Can you explain the basic elements of achieving good outcomes with topical therapy and how the relationship with patients plays a role in that?

“Setting appropriate expectations is critical for treatment of any disease,” says Dr. Stein Gold. “It can take several weeks to reach a good clinical effect, and maintenance therapy is often necessary to maintain the effect.” It is important to convey this to patients. In addition, vehicle is important for patient compliance, which is especially true for treating the scalp, says Dr. Stein Gold. “If an agent is easier to use, the patient is more likely to use it.” She explains. “If it’s not compatible with clothing, leaves marks on a patient’s clothes, and isn’t cosmetically elegant, it likely will not be used.”

When it comes to communicating with patients, Dr. Stein Gold emphasizes the importance of stressing that the medications prescribed will not be curing them, but controlling them. “It’s important to tell patients that psoriasis is a chronic disease and that it will come back if they do not take their medication appropriately.”

Given these conditions, Dr. Stein Gold observes that continuing to use a product after the psoriasis has been controlled, even on a less frequent basis, can be important in preventing future flares. “There is good evidence to suggest that maintenance therapy can prolong remission,” says Dr. Stein Gold.

Do you have any strategies for boosting adherence for patients who may be less likely to take their medication?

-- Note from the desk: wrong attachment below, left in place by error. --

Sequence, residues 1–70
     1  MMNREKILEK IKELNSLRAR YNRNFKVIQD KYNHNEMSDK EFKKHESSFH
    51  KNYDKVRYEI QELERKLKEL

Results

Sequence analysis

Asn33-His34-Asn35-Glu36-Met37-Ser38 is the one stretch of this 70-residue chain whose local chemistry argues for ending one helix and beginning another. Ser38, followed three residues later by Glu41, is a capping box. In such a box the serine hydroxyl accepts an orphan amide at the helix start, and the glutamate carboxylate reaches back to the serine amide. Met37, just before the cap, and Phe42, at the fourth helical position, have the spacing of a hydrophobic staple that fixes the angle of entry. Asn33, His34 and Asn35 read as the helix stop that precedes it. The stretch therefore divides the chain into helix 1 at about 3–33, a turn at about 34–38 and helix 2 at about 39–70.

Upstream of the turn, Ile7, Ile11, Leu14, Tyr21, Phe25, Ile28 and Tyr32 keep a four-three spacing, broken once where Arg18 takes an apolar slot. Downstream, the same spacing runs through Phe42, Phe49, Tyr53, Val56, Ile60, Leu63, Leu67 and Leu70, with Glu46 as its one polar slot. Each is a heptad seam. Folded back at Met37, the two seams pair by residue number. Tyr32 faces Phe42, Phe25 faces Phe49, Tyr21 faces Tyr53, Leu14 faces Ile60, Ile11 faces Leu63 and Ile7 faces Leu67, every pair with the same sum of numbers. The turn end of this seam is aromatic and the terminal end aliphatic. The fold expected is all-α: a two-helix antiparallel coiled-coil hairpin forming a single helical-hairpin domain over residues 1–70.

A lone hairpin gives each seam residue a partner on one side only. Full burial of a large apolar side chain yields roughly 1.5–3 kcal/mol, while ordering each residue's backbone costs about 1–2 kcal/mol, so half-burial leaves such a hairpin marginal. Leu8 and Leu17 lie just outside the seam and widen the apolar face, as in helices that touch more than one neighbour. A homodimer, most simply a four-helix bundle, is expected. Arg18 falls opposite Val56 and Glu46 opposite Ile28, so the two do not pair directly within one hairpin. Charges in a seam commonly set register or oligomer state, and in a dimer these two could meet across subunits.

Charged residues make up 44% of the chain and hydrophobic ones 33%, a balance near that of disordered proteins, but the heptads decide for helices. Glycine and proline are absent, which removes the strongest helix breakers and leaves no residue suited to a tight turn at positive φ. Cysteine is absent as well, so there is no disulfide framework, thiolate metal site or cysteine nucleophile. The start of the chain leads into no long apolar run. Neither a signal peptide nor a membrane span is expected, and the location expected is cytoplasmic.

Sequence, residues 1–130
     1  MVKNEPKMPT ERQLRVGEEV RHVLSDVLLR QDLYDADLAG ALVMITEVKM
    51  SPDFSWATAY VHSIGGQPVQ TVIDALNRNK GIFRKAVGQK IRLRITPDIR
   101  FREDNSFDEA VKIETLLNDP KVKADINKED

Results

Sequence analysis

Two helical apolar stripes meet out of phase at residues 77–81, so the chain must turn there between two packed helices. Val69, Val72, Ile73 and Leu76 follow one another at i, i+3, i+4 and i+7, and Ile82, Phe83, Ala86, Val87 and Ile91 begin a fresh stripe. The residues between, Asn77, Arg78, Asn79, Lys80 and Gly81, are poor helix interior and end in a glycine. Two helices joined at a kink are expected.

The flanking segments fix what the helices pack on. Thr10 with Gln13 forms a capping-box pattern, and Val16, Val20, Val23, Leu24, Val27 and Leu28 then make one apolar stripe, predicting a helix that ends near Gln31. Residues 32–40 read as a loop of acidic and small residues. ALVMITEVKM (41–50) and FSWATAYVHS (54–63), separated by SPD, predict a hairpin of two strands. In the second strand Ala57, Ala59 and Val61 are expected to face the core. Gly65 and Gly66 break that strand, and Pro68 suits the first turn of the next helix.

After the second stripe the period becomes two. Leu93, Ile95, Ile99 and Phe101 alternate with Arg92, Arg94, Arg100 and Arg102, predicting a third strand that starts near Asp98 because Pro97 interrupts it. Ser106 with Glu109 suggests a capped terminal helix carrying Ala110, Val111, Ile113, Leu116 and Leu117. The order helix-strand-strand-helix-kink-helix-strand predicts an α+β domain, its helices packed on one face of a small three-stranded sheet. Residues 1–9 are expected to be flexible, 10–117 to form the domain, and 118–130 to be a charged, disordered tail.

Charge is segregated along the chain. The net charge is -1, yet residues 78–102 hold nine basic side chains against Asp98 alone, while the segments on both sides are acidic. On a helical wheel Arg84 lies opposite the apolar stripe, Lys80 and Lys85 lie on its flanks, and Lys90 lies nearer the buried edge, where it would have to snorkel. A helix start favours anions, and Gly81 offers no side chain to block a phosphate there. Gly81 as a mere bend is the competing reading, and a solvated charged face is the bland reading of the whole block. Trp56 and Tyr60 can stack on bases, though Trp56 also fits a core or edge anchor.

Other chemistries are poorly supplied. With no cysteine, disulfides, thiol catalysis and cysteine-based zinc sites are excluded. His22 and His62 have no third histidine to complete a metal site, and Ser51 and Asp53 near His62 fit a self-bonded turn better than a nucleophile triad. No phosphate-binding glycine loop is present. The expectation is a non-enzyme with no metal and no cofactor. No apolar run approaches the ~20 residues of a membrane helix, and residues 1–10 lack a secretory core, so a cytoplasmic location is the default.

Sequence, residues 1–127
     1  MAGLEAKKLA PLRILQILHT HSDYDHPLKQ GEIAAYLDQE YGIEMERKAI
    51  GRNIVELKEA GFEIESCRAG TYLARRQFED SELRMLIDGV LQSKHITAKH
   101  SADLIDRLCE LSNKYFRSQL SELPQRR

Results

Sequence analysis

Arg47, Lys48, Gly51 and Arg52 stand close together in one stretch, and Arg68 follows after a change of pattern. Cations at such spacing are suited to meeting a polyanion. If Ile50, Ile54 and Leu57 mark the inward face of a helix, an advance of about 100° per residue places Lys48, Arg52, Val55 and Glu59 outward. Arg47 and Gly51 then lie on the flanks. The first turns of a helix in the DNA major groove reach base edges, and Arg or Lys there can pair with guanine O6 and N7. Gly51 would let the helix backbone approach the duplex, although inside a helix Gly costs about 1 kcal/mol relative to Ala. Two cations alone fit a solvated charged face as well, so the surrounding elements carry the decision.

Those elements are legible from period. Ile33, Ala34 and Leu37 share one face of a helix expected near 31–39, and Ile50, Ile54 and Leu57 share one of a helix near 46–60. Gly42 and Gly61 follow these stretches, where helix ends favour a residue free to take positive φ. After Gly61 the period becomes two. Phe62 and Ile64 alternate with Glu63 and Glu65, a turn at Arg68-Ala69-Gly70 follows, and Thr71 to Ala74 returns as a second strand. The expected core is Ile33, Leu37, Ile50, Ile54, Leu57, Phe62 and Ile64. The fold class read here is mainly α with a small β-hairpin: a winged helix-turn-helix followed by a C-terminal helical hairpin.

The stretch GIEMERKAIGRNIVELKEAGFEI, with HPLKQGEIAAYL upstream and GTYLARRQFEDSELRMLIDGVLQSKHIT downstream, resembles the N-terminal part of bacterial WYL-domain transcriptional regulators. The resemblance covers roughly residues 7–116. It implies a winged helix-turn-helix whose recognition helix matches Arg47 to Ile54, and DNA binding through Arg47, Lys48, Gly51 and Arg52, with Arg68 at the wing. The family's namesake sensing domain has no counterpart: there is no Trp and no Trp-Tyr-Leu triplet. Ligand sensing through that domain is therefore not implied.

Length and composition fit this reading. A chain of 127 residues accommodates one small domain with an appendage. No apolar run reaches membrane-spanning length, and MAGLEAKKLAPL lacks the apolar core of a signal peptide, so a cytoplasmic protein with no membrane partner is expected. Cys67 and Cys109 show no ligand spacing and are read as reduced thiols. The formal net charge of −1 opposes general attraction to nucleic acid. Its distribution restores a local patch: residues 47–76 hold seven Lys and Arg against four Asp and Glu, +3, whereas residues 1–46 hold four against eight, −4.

“Keeping the regimen as simple as possible often helps patients to adhere with the treatment plan,” says Dr. Stein Gold. One way of enhancing compliance, she notes, is through the use of fixed combination products, such as calcipotriene/betamethasone diproprionate (Taclonex, LEO Pharma).

“When you want the patient to have multiple agents, a fixed combination product offers patients a more direct path toward achieving that,” says Dr. Stein Gold. “Fixed combinations essentially put more control in the hands of physicians to ensure that patients are receiving the drug as directed.”

Do you have a take-home tip for your colleagues on how to manage patients with psoriasis with topical therapy?

Dr. Stein Gold emphasizes the importance of maintenance. “Some physicians feel that they can give their patients a ‘drug holiday,’ but psoriasis is a chronic disease, and we have to treat chronically,” says Dr. Stein Gold. “With the appropriate maintenance therapy, we will be more likely to find success in treatment.”

In addition, Dr. Stein Gold observes that patient education at any level is critical to care. “It is very important for patients to understand that we are controlling—not curing— their condition.”

Linda F. Stein Gold, MD, is the director of dermatology clinical research and a division head of dermatology at the Henry Ford Hospital in Detroit, MI.